Business Efficiency

Your organization needs quick access to data in order to function efficiently. Until now, this has not always been possible, with data often stored in different places and especially when utilizing cloud data storage providers. CTERA Cloud Storage Routing provides low-latency access to data, ensuring that your teams always have access to the data they need.

The team portal administrator can define cloud folder groups to write to a specific storage class, optimizing use of that cloud folder group with one or more of the benefits outlined above.

Storage classes are defined using CLI. The storage nodes are assigned initially to a default storage class. The storage class can be changed from the default when the storage node is defined. After the storage node is defined the storage class cannot be changed.

Defining a Storage Class

Storage classes are defined using CLI. To run the CLI from the portal user interface, see Execute CLI Commands from the Global Admin User Interface. Use the following CLI to create a storage class: add /storageClasses/ name <name>
where <name> is the name you call the storage class.

Assigning a Storage Class to a Storage Node

After defining the storage class, as described above in Defining a Storage Class, you can assign it to a specific storage node as part of the general storage node definition, described in Adding and Editing Storage Nodes

Changing the Name of a Storage Class

After defining a storage class, as described above in Defining a Storage Class, you can change the name using the following CLI: set /storageClasses/<currentSCName>/ name <newSCName> where <currentSCName> is the name of the storage class to change and <newSCName> is the name to change it to.

Viewing Storage Nodes

To view all storage nodes in the system:

  • In the global administration view, select Main > Storage Nodes in the navigation pane.
    The Storage Nodes page is displayed.
    The following information is displayed for each storage node:
    NAME – The storage node's name.

    • Status (under the name) – Whether the storage node is read/write enabled or read and delete only.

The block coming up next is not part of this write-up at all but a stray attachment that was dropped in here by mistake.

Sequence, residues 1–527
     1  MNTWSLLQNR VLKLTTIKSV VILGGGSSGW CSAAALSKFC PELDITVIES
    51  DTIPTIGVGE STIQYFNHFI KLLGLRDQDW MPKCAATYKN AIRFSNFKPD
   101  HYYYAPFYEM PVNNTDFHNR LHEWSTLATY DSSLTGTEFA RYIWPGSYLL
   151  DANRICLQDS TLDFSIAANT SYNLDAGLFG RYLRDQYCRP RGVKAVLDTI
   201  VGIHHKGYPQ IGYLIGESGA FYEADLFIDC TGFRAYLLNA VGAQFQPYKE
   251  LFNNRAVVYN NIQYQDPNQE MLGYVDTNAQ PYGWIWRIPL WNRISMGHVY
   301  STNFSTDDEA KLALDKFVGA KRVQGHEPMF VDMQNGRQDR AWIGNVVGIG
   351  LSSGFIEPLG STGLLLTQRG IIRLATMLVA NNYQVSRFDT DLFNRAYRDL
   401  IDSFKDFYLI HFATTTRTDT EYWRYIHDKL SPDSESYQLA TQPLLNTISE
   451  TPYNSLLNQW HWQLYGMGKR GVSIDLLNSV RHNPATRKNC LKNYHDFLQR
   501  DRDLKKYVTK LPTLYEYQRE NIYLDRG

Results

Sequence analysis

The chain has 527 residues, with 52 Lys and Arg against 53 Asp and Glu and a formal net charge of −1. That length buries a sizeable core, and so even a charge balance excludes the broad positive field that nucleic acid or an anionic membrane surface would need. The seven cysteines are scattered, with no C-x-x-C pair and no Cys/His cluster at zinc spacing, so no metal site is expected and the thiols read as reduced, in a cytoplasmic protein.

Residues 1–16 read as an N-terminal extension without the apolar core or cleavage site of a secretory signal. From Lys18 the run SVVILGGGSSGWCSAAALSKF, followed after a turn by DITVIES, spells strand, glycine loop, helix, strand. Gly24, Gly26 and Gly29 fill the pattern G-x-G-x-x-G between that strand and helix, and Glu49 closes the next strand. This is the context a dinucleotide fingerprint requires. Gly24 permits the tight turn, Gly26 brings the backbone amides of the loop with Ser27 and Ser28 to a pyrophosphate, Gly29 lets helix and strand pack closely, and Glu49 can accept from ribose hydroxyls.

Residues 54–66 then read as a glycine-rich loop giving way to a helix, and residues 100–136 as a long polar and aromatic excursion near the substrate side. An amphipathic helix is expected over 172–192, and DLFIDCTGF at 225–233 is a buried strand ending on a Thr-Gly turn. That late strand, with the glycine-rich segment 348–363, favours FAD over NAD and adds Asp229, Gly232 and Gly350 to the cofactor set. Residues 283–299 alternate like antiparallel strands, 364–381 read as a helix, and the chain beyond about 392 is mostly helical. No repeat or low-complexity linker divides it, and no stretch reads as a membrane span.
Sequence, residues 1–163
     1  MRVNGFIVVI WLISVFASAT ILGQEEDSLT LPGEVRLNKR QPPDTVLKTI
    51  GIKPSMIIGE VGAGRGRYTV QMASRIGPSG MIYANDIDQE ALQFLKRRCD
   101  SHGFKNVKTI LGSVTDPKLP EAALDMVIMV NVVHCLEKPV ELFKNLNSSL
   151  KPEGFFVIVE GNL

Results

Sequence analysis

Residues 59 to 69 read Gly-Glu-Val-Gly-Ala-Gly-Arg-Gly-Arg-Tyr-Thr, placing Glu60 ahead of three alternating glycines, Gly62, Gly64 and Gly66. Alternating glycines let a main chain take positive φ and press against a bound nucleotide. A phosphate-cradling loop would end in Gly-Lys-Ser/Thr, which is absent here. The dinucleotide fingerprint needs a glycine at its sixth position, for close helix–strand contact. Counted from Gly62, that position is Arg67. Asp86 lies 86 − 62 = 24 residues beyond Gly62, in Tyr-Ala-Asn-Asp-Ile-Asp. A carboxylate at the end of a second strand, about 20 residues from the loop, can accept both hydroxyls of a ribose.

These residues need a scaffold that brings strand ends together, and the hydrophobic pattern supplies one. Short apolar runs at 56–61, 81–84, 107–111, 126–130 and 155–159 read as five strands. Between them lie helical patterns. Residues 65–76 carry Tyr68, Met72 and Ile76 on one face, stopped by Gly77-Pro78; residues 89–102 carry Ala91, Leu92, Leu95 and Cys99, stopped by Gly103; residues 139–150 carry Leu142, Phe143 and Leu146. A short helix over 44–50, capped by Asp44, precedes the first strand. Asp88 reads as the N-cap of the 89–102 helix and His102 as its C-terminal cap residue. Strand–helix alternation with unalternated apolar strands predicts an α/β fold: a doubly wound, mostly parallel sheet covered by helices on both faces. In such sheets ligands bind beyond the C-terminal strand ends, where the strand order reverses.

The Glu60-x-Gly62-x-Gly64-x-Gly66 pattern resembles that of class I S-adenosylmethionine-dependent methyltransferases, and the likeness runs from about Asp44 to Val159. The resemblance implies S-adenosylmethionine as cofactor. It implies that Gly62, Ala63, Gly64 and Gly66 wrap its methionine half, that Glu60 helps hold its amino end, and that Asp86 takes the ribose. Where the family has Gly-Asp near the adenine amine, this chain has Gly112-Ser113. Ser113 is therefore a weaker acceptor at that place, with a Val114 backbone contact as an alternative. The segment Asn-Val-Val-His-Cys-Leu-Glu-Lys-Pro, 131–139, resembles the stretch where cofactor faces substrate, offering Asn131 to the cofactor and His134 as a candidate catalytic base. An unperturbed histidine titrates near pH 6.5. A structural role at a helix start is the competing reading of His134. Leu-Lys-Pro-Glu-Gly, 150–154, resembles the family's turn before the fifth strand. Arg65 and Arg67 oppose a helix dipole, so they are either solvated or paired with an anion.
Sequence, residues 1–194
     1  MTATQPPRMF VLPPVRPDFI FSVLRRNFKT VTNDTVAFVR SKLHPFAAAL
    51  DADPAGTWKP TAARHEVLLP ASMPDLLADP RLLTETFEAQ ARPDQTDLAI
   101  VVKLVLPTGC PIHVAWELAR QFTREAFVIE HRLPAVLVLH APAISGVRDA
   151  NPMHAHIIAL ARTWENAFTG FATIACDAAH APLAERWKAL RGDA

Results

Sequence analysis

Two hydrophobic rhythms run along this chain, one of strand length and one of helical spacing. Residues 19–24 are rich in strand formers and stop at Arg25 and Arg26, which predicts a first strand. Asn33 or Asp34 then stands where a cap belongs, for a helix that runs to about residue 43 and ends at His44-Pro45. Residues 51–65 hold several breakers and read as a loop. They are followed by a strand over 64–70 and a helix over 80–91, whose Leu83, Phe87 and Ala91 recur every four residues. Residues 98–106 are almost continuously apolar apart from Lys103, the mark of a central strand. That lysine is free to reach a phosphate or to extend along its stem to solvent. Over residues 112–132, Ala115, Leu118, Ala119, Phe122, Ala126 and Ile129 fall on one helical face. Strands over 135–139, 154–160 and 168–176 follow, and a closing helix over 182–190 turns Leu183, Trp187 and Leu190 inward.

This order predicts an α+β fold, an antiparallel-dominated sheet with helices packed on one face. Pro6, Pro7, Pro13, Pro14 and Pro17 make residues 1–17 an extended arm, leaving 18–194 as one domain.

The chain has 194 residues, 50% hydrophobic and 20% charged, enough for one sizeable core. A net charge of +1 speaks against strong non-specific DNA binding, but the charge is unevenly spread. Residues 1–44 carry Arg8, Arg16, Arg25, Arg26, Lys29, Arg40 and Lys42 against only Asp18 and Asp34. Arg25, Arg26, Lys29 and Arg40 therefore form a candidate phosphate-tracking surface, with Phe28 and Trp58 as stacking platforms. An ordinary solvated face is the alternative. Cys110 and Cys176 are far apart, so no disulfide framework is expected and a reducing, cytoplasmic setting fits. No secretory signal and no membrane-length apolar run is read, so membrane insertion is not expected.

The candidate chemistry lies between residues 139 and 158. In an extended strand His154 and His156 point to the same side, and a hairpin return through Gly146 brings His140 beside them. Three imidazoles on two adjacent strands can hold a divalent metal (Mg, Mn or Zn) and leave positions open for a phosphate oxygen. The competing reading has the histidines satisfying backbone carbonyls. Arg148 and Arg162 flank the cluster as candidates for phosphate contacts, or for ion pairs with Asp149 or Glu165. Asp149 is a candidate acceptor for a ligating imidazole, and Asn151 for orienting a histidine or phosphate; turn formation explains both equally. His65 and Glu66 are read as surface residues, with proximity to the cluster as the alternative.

TYPE – The storage node's type.
    BUCKET – The name of the storage node's bucket.
    STORAGE CLASS – The group of one or more storage nodes to which this storage node belongs.
    DEDICATED TO – The name of a single virtual portal to which the storage node is dedicated, if applicable. The storage node is used for this virtual portal and no other virtual portal uses it. The virtual portal will only write to storage nodes that are dedicated to it and not to other storage nodes.
    STATUS – The storage node's current status. This can be either of the following:

    • Connected
    • Not Connected

    The portal does not attempt to store new blocks in storage nodes that are not connected.

    STORAGE USAGE – The amount of storage available, followed by the amount of used storage. This field is only relevant for the Local Filesystem storage node, which is the default storage node when setting up the CTERA Portal.

To view details of a specific node:

  1. In the global administration view, select Main > Storage Nodes in the navigation pane.
    The Storage Nodes page is displayed.
  2. Click the storage node name.
    The storage node window is displayed with the storage node name as the window title.

The details displayed depend on the type of storage node.

Was this article helpful?


Eddy AI, facilitating knowledge discovery through conversational intelligence